What Is CoQ10 (coenzyme Q10)?
January 2012 — In response to recent statements and discussion regarding CoQ10 on the NPC listserv, we have the following update:
Oxidative Stress in Niemann-Pick disease, type C
Authors: Rao Fu, Nicole M. Yanjanin, Simona Bianconi, William J. Pavan and Forbes D. Porter
Dr. Forbes “Denny” Porter pulled pertinent data from the study, below:
Reduced CoQ10 fraction was significantly decreased in NPC patients. Serum CoQ10 levels were measured in 32 NPC subjects during an evaluation when they were not supplemented with either CoQ10 or antioxidants. Initial levels for reduced and total CoQ10 are shown in Fig. 1A. For the 28 NPC patients less than 18 years of age, the mean reduced and total CoQ10 levels were 371±20 mcg/L and 428±24 mcg/L, respectively, both values being within the reference range. Only four (14%) pediatric NPC patients had a total CoQ10 level below the lower reference range.
These data demonstrate that a CoQ10 deficiency is not a common finding in NPC patients. However, the fraction of reduced CoQ10 is decreased in NPC patients (Fig. 1B).
The mean fraction of reduced CoQ10 was 86.8±1.6%, which is much less than the lower limit of the reference range (93%). Twenty-two patients (79%) had reduced CoQ10 fractions below 93%. Similar results were obtained for four NPC patients 18 years of age and older. Mean reduced and total CoQ10 levels were 617±224 mcg/L and 674±233 mcg/L (Fig.1A), and the fraction of reduced CoQ10 was decreased (Fig. 1B). There was no correlation of CoQ10 levels with either disease severity or age of onset (data not shown).
Supplementation of CoQ10 does not correct the abnormal fraction of reduced CoQ10. For patients receiving CoQ10 supplementation, we analyzed both initial and serial values. Five patients were on supplementation at their initial evaluation, and two patients were supplemented after their initial evaluation. A total of nine evaluations of patients on CoQ10 supplementation were available.
As one would predict, samples obtained from CoQ10 supplemented patients had significantly higher levels of both reduced (pb.0001) and total CoQ10 (pb.0001) compared to unsupplemented patients (Fig. 1C). Reduced CoQ10 levels were increased 94%, and total levels were increased 128%. However, supplementation failed to correct the abnormal fraction of reduced CoQ10 (Fig. 1D).
The fraction of reduced CoQ10 in supplemented patients (86.6±2.7%) was not significantly different (p=.64) than that observed in unsupplemented samples (87.6±9.2%). We also evaluated the effect of miglustat therapy on CoQ10 levels. Mean reduced and total CoQ10 levels were decreased in miglustat treated patients (Fig. 2A); however, miglustat therapy had no effect on the fraction of reduced CoQ10 (Fig. 2B). Consistent with this latter observation, no differences were seen in the pre- and post-miglustat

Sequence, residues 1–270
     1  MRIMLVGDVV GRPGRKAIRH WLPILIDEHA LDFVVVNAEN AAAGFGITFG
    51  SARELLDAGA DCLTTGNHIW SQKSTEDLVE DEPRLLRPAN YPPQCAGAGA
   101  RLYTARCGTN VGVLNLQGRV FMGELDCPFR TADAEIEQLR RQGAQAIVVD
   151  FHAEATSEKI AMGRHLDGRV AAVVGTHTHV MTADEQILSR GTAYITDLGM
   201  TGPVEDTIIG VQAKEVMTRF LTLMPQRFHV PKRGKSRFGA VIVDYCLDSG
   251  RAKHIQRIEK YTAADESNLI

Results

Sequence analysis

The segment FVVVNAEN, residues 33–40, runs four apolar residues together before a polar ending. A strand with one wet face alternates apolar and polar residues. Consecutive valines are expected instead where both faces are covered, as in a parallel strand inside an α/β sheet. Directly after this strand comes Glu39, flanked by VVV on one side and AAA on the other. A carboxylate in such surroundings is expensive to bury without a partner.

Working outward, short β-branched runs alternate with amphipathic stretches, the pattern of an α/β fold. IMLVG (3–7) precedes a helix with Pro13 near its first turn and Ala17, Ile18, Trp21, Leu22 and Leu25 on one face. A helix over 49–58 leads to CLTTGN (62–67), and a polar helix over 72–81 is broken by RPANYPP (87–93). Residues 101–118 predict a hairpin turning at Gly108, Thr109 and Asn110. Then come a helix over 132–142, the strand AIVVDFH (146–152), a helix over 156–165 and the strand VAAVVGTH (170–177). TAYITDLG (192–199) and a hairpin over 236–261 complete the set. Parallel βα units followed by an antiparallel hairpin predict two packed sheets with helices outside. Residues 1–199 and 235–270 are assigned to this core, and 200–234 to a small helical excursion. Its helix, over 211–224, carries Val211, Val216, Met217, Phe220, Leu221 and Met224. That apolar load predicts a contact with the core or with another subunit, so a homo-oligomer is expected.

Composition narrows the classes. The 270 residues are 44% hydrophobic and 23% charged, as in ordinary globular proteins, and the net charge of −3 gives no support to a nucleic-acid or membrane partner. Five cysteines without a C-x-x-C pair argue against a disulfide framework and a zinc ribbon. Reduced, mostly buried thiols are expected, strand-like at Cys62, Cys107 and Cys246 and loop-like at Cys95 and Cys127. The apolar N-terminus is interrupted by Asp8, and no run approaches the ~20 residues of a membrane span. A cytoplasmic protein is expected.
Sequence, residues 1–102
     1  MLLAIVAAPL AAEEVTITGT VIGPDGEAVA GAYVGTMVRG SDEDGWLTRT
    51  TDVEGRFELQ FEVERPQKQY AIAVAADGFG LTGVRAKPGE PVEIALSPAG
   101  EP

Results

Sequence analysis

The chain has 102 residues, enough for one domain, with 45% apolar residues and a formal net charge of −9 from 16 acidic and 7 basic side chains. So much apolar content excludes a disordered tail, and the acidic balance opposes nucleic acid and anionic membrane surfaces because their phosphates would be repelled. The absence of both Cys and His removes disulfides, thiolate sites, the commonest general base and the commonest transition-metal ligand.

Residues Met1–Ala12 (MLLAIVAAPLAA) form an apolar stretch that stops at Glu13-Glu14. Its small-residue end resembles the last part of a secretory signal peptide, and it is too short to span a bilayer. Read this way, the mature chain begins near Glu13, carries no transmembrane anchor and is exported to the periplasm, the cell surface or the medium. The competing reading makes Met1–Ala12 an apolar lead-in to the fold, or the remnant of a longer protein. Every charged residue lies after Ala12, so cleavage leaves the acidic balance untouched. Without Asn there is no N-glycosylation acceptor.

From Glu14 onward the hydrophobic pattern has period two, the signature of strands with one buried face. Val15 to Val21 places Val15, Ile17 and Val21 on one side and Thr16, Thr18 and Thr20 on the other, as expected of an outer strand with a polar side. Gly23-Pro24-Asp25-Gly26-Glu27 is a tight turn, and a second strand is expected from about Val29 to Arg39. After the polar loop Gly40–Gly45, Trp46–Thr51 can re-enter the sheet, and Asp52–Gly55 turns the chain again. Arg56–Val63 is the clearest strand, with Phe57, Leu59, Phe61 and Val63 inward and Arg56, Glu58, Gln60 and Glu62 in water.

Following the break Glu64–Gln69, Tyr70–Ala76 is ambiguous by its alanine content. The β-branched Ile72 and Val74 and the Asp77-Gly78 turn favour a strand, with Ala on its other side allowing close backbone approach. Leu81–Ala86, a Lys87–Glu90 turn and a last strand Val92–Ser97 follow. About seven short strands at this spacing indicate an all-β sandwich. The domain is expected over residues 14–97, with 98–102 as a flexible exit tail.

treatment CoQ10 values for five patients (data not shown).
[Jan 9, 2012 mem]
This page is not intended as medical advice. Consult with your physician before undertaking any treatment or therapy.
What is CoQ10?
CoQ10 or coenzyme 10 is a nutritional supplement. The enzyme acts as an anti-oxidant to neutralize free radicals which can damage cells. It has been shown to help prevent heart disease (and is widely prescribed in Japan for this) and there is evidence that it improves neurological functions. CoQ10 also acts to lower blood cholesterol levels.
Only a limited number of research studies have been done on Coenzyme Q10 and many of these are related to heart disease. Dr. Salvatore DiMauro, of Columbia University, conducted one study on hereditary ataxia and CoQ10. Hereditary ataxia affects coordination, balance, and speech. Test subjects showed improvement, with some being able to leave wheelchairs and begin using walkers. However, the number of patients in the study was so small that no definite conclusions were possible.
No controlled studies have been done on the effect of Coenzyme Q10 on Niemann-Pick Type C individuals.
Blood samples from several NPC individuals were taken. These samples were analyzed by Dr. DiMauro and Dr. Marc Patterson to determine if a deficiency of CoQ10 might exist with NP Type C. See a report of those studies in the Spring 2003 NNPDF Newsletter.
Is CoQ10 safe?
There are no side effects reported in medical literature from using CoQ10 by itself. However, the number of studies is limited. Some families have reported diarrhea as a problem when using the powder form. It has been reported that there can be negative effects if CoQ10 is stopped quickly.
Nutritional supplements are not prescribed or regulated in the United States even when they have medicinal qualities. Some supplements can interact with other medications and some have maximum safe dosages. Certain formulations of CoQ10 have other supplements added, which may have their own side effects. You should consult with your physician before starting your child on CoQ10 or any other supplement or therapy.